It should also be remembered that much carbon dioxide is dissolved in the world’s oceans, and warmer temperatures cause this CO2 to escape into the atmosphere, much in the same way that “fizz” leaves a soda left in the hot sun. Skeptics of climate alarmism, including retired ICR atmospheric scientist Dr. Larry Vardiman, have pointed out that warmer temperatures sometimes preceded the increases in carbon dioxide, which makes sense if carbon dioxide is escaping from warming oceans.7

Climate alarmists are well aware of this, but they claim that this only proves that carbon dioxide is not the initial cause of the warming. Instead, they claim that carbon dioxide amplifies the warming that has already occurred.8,9

So why do they think CO2 amplifies warming? One reason is basic cause-and-effect: If CO2 increases after warming has occurred, then it’s pretty obvious that the CO2 cannot be the initial cause of the warming. However, a second reason is their adherence to the Milankovitch ice age theory. This theory posits that Earth has experienced dozens of ice ages in the last few million years. Supposedly these ice ages are paced by variations in the way sunlight falls on the Earth at different times in the supposed prehistoric past. These variations in sunlight distribution are thought to result from slow changes in Earth’s orbital and rotational motions over tens of thousands of years.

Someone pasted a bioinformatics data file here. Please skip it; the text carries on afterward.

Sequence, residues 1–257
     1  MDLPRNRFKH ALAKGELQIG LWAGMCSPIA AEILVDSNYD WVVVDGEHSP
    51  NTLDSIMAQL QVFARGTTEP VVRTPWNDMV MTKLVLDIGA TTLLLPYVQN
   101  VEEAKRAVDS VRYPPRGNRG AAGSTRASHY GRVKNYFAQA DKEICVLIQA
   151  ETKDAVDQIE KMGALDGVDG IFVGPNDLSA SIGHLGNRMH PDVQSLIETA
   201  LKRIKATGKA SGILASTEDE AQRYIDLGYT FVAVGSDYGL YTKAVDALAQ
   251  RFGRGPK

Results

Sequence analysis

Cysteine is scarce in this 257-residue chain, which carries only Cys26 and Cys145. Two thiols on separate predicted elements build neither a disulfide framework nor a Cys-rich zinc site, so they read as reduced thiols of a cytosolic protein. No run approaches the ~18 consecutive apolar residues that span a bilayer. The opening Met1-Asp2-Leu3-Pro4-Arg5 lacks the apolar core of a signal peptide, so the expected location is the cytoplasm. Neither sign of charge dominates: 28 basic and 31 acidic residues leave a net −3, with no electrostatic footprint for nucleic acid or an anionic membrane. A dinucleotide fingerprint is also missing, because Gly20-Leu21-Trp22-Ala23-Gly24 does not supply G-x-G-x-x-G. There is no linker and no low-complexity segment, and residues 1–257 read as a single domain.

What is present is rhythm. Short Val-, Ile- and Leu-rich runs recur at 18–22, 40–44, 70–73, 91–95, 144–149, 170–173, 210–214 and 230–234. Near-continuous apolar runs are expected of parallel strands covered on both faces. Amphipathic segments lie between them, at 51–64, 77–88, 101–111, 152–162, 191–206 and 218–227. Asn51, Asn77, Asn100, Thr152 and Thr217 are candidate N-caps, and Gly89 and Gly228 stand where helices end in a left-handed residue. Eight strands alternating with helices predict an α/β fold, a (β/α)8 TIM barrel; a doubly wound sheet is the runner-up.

A major problem with the theory is that these changes in sunlight, by themselves, are not large enough to cause the waxing and waning of ice ages. Hence, because alarmists think the theory is correct, they assume some factor or factors must be amplifying these small changes in sunlight to bring about major climate change.10 And carbon dioxide is thought to be one of these factors.11 So, the Milankovitch theory is one of the main arguments for climate change alarmism.12,13 But original ICR research has shown that evidence for the theory is extremely shaky at best, even by secular, old-Earth reckoning.14 And that’s even if you ignore a host of other problems for the theory!15